# Difference between using a propensity score for matching vs. regression analysis

So I am confused on what the difference is if I match patients based on propensity scores vs. using the propensity score and then applying that into a multivariate regression analysis? Is there a difference? One you match 1:1 and disgard the groups that dont match, and the other you stratify patients based on weights? confused....need hlep

There a four common ways of using propensity scores (PS) to reduce confounding and arrive at an unbiased estimate of a causal effect. These are PS matching, PS weighting, PS subclassification, and regression on the PS. There have been systematic studies on the relative performance of these methods, but new variations of them always come out and it's not always immediately clear whether the new methods will adhere to the hierarchy of methods commonly assumed. Each method has its strengths and weaknesses. They vary mostly in their empirically untestable assumptions and on their empirical performance.

I'll only talk about PS matching and regression on the PS. One important concept to know is the relationship between the PS and the outcome. We have to assume there is some functional relationship, so that in theory we could model the outcome "correctly" as a function of treatment and the propensity score.

## PS Matching

PS matching involves estimating a PS for each unit (usually using logistic regression), then, for each treated unit, finding one or more control units with a similar PS, and discarding the unmatched control units. Variations include how many control units to match, whether they should be matched with or without replacement, whether a caliper should be used, etc. For now we'll assume 1:1 matching without replacement and without a caliper. PS matching can really only be used to estimate the average treatment effect on the treated (ATT). If the effect of treatment is the same for everyone, then this quantity is equal to the average treatment effect in the population (ATE).

With a correctly modeled propensity score and exact matching on the propensity score, the treatment effect estimate for 1:1 PS matching will be unbiased. What's nice about this is that it doesn't matter what the relationship between the outcome and the PS is; if exact matching on the PS is performed, the effect estimate will be unbiased, as guaranteed by Rosenbaum & Rubin (1983). In practice, though, the PS is not modeled correctly, and it's impossible to do exact matching on the PS. So the properties only hold approximately. To assess the plausibility of unbiased estimation in your sample, you can check balance on the covariates after matching. If they are balanced and if the outcome is a linear combination of the covariates that are balanced, then the effect estimate will be unbiased even if the PS model is incorrect or the matching is inexact. This is the "propensity score tautology", which says that if the propensity score yields balance, then it is a valid propensity score, because the purpose of the propensity score is to create balance. Definitely read Ho et al. (2007), who describe the tautology and other fine points; it contains many subtle points that may broaden your understanding.

## Regression on the PS

Regression on the PS involves estimating a PS, and then regressing the outcome on the PS and the treatment. Regressing the outcome on the PS is one way of "conditioning" on the PS, and thanks to Rosenbaum & Rubin (1983), we know that the treatment effect estimate is unbiased conditional on the PS. Variations include regression on the linear PS and other transformations, flexible modeling of the PS and/or outcome with splines, and using Bayesian additive regression trees (BART) with a PS to generate estimated potential outcomes. For now, we'll assume linear regression on the PS.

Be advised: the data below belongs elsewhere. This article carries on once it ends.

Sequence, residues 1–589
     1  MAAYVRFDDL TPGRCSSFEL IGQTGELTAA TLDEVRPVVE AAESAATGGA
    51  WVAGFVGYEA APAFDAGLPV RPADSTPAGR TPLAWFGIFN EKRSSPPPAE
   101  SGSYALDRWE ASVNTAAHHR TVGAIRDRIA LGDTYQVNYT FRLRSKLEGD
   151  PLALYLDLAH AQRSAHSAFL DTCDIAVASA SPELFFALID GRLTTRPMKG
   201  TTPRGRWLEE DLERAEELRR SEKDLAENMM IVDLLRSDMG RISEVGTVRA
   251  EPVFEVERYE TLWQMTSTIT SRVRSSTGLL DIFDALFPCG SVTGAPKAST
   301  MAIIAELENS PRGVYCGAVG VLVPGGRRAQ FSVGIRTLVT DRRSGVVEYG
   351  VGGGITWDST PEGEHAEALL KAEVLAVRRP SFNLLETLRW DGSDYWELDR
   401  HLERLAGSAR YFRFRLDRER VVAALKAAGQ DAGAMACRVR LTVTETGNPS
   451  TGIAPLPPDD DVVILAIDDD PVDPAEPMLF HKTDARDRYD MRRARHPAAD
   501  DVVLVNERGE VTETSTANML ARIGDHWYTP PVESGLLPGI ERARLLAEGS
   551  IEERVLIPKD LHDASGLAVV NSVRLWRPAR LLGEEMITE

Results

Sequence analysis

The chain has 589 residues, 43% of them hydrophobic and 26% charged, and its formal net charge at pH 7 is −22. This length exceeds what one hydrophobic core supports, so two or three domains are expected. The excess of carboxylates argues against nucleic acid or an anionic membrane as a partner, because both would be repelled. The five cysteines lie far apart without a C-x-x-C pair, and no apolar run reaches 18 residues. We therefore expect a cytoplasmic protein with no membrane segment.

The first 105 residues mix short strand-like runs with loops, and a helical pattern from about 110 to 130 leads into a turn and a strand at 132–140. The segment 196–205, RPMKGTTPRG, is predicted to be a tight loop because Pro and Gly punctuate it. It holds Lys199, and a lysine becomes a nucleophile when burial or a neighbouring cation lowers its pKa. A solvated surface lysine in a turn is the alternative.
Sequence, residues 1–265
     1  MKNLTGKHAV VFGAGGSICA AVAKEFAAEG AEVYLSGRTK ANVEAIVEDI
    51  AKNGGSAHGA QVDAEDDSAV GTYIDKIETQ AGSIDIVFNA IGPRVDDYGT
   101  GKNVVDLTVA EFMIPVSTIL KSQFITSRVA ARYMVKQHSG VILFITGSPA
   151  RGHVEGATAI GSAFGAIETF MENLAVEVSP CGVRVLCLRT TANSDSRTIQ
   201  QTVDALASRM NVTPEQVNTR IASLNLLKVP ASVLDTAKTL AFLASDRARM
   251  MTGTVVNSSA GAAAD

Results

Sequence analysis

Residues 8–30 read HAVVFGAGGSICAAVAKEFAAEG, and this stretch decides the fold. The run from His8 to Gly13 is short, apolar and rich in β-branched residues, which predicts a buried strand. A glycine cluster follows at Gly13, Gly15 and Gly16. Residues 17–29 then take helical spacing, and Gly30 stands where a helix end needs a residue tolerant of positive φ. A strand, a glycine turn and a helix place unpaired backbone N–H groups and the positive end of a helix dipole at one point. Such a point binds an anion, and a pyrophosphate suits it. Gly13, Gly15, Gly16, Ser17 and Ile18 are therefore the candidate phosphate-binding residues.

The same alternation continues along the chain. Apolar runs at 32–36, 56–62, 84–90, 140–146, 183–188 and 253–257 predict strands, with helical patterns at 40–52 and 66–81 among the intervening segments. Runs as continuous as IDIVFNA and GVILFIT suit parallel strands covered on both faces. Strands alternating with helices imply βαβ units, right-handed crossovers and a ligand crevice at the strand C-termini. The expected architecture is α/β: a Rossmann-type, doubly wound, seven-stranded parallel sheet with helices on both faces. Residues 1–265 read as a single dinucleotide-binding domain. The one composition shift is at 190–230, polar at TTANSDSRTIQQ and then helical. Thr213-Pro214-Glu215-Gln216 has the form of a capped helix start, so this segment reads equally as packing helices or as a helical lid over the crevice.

With a correctly modeled PS and a correctly modeled functional relationship between the outcome and the PS, it is possible to estimate an average treatment effect. If the treatment effect is the same for all units, the coefficient on the treatment is the ATE. Otherwise, you can estimate a treatment effect for each possible PS value (see this post). The average treatment effect for everyone, estimated at their respective PS, is the ATE. In practice, though, the PS is not modeled correctly, and the functional relationship between the outcome and the treatment and PS is not modeled correctly. A common error is to not include an interaction between the PS and the treatment in the outcome model. In these cases, there is no reason the treatment effect estimate will be even moderately unbiased. For this reason, many methodologists recommend against using regression on the PS unless using a flexible model like BART. You cannot assess the degree to which regression on the PS will remove bias (i.e., the concept of balance doesn't exactly apply, so you can't check balance), so regression on the PS requires very strong assumptions which are almost guaranteed to be false in real data.

Overall, matching is superior to regression from a theoretical point of view and empirically, but matching itself has many weaknesses as well. You might want to look into methods that don't rely strictly on the propensity score, such as BART and targeted minimum loss-based estimation (TMLE), which require few assumptions and tends to yield unbiased estimates.

• Great introduction to the issues. When you get a chance, please spell out BART and TMLE and provide references to them, to make this answer even more useful – EdM Apr 19 at 3:20
• Thank you for the kind words! I did as you asked. – Noah Apr 19 at 3:27